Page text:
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Archive for the tag “World Literature”

“Get Up and Bar the Door”

For this week’s poem, I wanted to go back a little further than I’ve tended to in the past.  The poem “Get Up and Bar the Door” is an uncredited poem that is included in a collection of English poetry I have and was written sometime in the late 1700s.

This is a poem I first remember reading back in early high school and always makes me smile with its funny results and true relatability with modern times.  The whole tale, in all honesty, I could see as the basis for a plot in a sitcom.  I think truly great writing should function this way and be relatable and applicable to anyone, anywhere, at any time.

Anyway, I’ll keep this brief and just get to the poem.  I’m transcribing the poem here without any editing from the draft within my book since it really is easy to follow.  The photo is a painting I found depicting the events of the poem.

Get Up and Bar the Door

It fell about the Martinmas time,
And a gay time it was then,
When our good wife got puddings to make,
And shes boild them in the pan.

The Wind sae cauld blew south and north,
And blew into the floor;
Quoth our goodman to our goodwife,
“Gae out and bar the door.”

“My hand is in my hussyfskap,
Goodman, as ye may see;
An it shoud nae be barrd this hundred year,
It’s no be barrd for me.”

They made a paction tween them twa,
They made it firm and sure,
That the first word whaeer shoud speak,
Shoud rise and bar the door.

Then by there came two gentlemen,
At twelve o’clock at night,
And they could neither see house nor hall,
Nor coal nor candle-light.

“Now whether is this a rich man’s house,
Or whether is it a poor?”
Be neer a word wad ane o them speak,
For barring of the door.

And first they ate the white puddings,
And then they ate the black;
Tho muckle thought the goodwife to hersel,
Yet neer a word she spake.

Then said the one unto the other,
“Here, man, tak ye my knife;
Do ye tak aff the auld man’s beard,
And I’ll kiss the goodwife.”

“But there’s nae water in the house,
And what shall we do than?”
“What ails thee at the pudding-broo,
That boils into the pan?”

O up then started our goodman,
An angry man was he:
“Will ye kiss my wife before my een,
And scad me wi pudding-bree?”

Then up and started our goodwife,
Gied three skips on the floor:
“Goodman, you’ve spoken the foremost word,
Get up and bar the door.”

Sylvia Plath – “The Swarm”

I usually post up a poem of my own on Thursdays, but a majority of my work (and believe me I have been writing a lot the past couple weeks) is well within what I like to call my revision stage. I’m not going to do the disservice of showing off first or second draft poems that need, in some cases, harsh revisions. Therefore, I thought I’d share a poem with you that holds a special place for me.

This poem, “The Swarm” by Sylvia Plath, was one of the first poems I ever analyzed on my own and wrote a paper over. The pages from this book that I’ve had since high school are covered with my notations and connections I made throughout the poems. I’m so proud of it I decided to include this picture:


This poem is from her collection Ariel,  her last collection of poetry published posthumously.  The entire book is very imagistic and is a book that I will undoubtedly review at some point when I can give it enough time.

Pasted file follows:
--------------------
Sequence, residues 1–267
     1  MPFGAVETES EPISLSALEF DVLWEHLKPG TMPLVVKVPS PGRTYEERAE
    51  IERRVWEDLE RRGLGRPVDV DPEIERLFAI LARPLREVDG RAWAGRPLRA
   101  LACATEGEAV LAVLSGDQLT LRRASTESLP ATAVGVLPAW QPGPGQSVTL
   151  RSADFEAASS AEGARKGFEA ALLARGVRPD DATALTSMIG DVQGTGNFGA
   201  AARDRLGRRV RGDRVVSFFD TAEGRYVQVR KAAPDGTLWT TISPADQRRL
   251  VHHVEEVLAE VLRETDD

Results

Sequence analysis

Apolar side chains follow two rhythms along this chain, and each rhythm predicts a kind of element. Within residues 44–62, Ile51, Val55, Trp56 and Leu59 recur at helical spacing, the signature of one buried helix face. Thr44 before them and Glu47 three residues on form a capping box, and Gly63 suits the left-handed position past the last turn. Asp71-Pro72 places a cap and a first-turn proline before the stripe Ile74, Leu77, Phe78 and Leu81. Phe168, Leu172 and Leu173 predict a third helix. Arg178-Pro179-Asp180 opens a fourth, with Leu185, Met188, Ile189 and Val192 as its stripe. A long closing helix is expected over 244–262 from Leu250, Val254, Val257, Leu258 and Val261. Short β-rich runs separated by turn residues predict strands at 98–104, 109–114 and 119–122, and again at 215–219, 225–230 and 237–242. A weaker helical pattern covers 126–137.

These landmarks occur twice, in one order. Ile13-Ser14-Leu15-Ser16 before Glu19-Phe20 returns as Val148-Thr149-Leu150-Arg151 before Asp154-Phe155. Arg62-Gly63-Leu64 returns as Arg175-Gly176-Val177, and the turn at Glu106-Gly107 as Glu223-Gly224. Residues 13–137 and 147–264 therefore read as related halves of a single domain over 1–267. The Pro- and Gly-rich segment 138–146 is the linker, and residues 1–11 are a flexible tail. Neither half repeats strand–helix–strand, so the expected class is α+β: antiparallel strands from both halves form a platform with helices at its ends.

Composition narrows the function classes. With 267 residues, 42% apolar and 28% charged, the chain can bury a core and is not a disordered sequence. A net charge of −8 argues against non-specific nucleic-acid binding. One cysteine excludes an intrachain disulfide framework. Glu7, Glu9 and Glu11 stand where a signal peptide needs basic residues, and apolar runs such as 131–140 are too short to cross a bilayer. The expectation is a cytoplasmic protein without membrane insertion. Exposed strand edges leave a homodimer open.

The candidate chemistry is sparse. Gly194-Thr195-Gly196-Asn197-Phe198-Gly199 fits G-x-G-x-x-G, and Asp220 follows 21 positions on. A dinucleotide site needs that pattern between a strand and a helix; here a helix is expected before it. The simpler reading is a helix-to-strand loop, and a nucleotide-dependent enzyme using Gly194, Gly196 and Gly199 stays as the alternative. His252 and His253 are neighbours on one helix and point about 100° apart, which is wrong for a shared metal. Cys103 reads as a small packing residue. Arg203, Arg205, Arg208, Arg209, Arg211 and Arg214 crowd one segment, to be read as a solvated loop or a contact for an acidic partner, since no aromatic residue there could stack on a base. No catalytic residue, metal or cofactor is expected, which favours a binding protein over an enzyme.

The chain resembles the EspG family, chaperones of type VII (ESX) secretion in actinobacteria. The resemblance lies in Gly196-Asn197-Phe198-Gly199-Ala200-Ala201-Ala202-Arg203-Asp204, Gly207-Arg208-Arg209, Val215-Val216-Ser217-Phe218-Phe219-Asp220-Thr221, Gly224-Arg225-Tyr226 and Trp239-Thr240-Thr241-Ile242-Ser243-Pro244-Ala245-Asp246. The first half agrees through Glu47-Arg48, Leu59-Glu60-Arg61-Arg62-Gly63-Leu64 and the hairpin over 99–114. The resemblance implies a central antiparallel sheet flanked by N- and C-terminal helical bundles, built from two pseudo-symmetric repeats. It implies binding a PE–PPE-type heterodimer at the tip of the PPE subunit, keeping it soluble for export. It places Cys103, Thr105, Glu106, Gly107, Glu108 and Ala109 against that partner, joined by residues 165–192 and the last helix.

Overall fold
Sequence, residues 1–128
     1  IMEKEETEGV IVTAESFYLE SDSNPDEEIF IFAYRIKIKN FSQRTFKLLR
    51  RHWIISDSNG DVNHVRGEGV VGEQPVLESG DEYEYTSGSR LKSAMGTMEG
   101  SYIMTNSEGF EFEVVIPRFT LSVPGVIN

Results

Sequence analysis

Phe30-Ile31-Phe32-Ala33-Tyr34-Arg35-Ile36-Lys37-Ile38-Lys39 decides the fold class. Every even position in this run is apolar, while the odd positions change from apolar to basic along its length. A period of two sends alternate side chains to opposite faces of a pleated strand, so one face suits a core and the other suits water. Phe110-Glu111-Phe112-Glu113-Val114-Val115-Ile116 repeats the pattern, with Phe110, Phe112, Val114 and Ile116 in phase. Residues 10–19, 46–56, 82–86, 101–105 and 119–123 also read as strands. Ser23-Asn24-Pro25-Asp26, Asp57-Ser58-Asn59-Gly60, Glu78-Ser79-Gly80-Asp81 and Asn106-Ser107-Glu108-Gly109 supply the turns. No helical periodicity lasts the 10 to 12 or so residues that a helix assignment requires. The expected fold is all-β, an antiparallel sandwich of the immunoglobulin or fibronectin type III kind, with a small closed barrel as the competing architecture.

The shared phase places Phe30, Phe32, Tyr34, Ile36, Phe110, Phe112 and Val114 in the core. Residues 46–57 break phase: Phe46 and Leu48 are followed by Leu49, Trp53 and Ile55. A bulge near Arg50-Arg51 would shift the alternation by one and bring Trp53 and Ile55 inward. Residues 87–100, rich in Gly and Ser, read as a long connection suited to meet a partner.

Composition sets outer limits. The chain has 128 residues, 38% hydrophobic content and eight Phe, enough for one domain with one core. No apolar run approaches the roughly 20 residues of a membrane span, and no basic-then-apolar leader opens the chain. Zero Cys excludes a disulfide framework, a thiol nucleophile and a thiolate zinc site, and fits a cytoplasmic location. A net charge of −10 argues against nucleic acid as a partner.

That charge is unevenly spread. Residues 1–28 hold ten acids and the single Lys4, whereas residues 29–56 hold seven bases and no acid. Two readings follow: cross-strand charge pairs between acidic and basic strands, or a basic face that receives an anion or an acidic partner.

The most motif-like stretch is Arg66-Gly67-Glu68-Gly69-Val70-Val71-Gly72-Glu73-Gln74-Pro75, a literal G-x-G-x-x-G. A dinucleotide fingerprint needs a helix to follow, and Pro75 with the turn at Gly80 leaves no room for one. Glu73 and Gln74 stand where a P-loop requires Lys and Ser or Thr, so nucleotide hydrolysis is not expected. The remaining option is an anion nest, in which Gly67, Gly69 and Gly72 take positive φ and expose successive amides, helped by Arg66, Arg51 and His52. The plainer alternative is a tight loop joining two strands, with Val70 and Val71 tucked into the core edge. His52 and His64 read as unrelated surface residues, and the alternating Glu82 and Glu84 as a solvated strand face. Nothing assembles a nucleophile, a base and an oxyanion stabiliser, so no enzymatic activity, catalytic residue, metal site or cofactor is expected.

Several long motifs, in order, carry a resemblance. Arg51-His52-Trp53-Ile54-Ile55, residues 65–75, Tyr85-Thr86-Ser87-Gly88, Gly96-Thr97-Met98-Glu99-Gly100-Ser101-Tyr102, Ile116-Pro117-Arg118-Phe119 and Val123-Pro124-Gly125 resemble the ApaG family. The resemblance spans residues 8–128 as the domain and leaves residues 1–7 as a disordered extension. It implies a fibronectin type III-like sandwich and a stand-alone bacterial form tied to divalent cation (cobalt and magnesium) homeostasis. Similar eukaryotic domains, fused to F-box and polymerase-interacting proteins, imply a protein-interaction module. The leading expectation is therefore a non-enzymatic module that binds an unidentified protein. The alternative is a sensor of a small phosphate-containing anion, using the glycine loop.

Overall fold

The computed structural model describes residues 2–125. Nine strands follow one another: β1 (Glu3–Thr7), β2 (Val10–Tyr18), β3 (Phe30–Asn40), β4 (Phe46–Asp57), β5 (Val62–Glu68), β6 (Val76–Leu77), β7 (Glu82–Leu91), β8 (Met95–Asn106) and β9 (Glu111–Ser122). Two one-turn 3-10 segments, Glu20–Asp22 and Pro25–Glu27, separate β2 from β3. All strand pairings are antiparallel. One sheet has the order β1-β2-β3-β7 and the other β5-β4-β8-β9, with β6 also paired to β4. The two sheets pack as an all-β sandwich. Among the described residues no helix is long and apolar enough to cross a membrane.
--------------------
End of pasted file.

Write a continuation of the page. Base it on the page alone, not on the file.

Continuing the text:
The Swarm

Somebody is shooting at something in our town—
A dull pom, pom in the Sunday street.
Jealousy can open the blood,
It can make black roses.
Who are they shooting at?

It is you the knives are out for
At Waterloo, Waterloo, Napoleon,
The hump of Elba on your short back,
And the snow, marshalling its brilliant cutlery
Mass after mass, sahing Shh!

Shh! These are the chess people you play with,
Still figures of ivory.
The mud squirms with throats,
Stepping stones for French bootsoles.
The gilt and pink domes of Russia melt and float off

In the furnace of greed. Clouds, clouds.
So the swarm balls and deserts
Seventy feet up, in a black pine tree.
It must be shot down. Pom! Pom!
So dumb it thinks bullets are thunder.

It thinks they are the voice of God
Condoning the beak, the claw, the grin of the dog
Yellow-haunched, a pack-dog,
Grinning over its bone of ivory
Like the pack, the pack, like everybody.

The bees have got so far. Seventy feet high!
Russia, Poland and Germany!
The mild hills, the same old magenta
Fields shrunk to a penny
Spun into a river, the river crossed.

The bees argue, in their black ball,
A flying hedgehog, all prickles.
The man with grey hands stands under the honeycomb
Of their dream, the hived station
Where trains, faithful to their steel arcs,

Leave and arrive, and there is no end to the country.
Pom! Pom! They fall
Dismembered, to a tod of ivy.
So much for the charioteers, the outriders, the Grand Army!
A red tatter, Napoleon!

The last badge of victory.
The swarm is knocked into a cocked straw hat.
Elba, Elba, bleb on the sea!
The white busts of marshals, admirals, generals
Worming themselves into niches.

How instructive this is!
The dumb, banded bodies
Walking the plank draped with Mother France’s upholstery
Into a new mausoleum,
An ivory palace, a crotch pine.

The man with grey hands smiles—
The smile of a man of business, intensely practical.
They are not hands at all
But asbestos receptacles.
Pom! Pom! “They would have killed me.”

Stings big as drawing pins!
It seems bees have a notion of honour,
A black, intractable mind.
Napoleon is pleased, he is pleased with everything.
O Europe! O ton of honey!

—Sylvia Plath, Ariel

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